Once I was discharged from hospital, I had contact with the Crisis Team daily and then a few times a week to ensure that I was safe in my environment. I had begun to have a little bit of insight into my illness and had finally begun to acknowledge that I had in actual fact been ill. To what extent I had yet to learn. The Crisis Team then discharged me to the Early Intervention Service (EIS) and I was seen by an my Early Intervention worker and her team.
During the first few months of being back in the Community, a lot of adjustments would occur. I had not seen my friends properly for months as I had refused visitors whilst in hospital. The first hurdle was Christmas and Boxing Day. We were to spend this with Miranda and her family. I felt very awkward Christmas Day and did not want to be there. I felt my presence was ruining their day. Miranda had noticed that I was uncomfortable and had suggested we go home if that was what I wanted, so we left earlier than usual at around 5pm. Boxing Day came and I managed to put on a bit more of a front as I wanted to please/not let the family down. We opened presents as Miranda’s son was home and we had dinner together. We played games and the day was a little better than the previous – although I still felt incredibly awkward!
The next hurdle was my birthday outing. I had suggested a visit to McDonalds with our group of 8 friends (plus 3 children) as we had done the year before. Although this was a routine outing, it proved to be very overwhelming for me. My friend Hannah had noticed that I was very quiet and at a later date mentioned this and that I didn’t have to do anything for my birthday – no-one would have been offended if I had cancelled. I explained to her that I had wanted to do it as I needed to test myself.
The next social outing was dinner at my friend Paula’s. I was due to stay over but as I had not long been discharged from hospital, I did not know how I would feel staying away from home so I opted to just go for dinner. I now know I was not as chatty as I would usually be as I did not know what to talk about. Since this occasion, my friend told me that she and her children had noticed that I wasn’t myself and since then my true personality has returned.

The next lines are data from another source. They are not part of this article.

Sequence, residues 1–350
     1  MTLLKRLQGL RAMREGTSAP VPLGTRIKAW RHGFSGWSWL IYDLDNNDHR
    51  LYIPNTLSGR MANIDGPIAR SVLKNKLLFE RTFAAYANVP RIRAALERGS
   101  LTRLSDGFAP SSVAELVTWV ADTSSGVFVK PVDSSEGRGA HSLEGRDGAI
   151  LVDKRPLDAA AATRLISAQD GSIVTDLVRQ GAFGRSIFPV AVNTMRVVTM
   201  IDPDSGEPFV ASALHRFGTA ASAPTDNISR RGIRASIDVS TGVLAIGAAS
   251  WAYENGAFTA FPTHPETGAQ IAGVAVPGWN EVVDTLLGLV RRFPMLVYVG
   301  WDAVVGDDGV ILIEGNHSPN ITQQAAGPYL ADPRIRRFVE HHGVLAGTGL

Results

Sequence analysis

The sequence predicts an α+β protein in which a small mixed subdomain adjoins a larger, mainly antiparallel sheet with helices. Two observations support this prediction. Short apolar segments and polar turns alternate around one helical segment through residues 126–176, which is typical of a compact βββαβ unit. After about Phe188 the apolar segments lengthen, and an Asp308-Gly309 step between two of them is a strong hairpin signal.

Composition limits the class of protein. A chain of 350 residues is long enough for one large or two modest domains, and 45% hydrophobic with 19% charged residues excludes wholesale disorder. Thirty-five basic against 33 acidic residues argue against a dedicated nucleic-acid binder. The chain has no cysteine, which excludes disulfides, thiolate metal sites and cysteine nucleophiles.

The next challenging outing I recall was my friend’s birthday at the end of January. Martin was at work so I went alone to meet everyone at the restaurant. I was quite quiet and felt a bit out of my comfort zone, as essentially I was out with Martin’s friends as opposed to mine. No-one commented on my quietness so I now think that I had some residual paranoia from my illness.
During this time I have continued to see EIS and mentioned that my memory was not what it used to be and that I needed help with the social side of my recovery. I met with a Support, Time and Recovery (STR) worker and we started to action plan to affect this. I commenced Cognitive Behavioural Therapy (through my employer) on 6 February 2014 and after my assessment it was recommended that I should have 12 sessions. I learnt that anxiety triggers the amygdala which in turn lowers the IQ which explained why I was so forgetful and why I felt so stupid.
At every stage of my recovery I have felt better and better, and at every stage I have realised just how ill I previously was. I have gone back to Swing Dance (which I stopped doing at age 21) and I am now enjoying hobbies, socialising and listening music. I am back to being a gym bunny with my friend Sam (who has also been a great support to my recovery). By mid to end of April, I felt back to being socially-apt. My medication is currently under review and I have now gone back to work full time after completing an 8 week phased return. My recovery is still ongoing and I will continue to be under the care of Mental Health Services until early 2017.
I hope this has been a useful insight to Psychosis and demonstrates just how scary and debilitating this disorder is.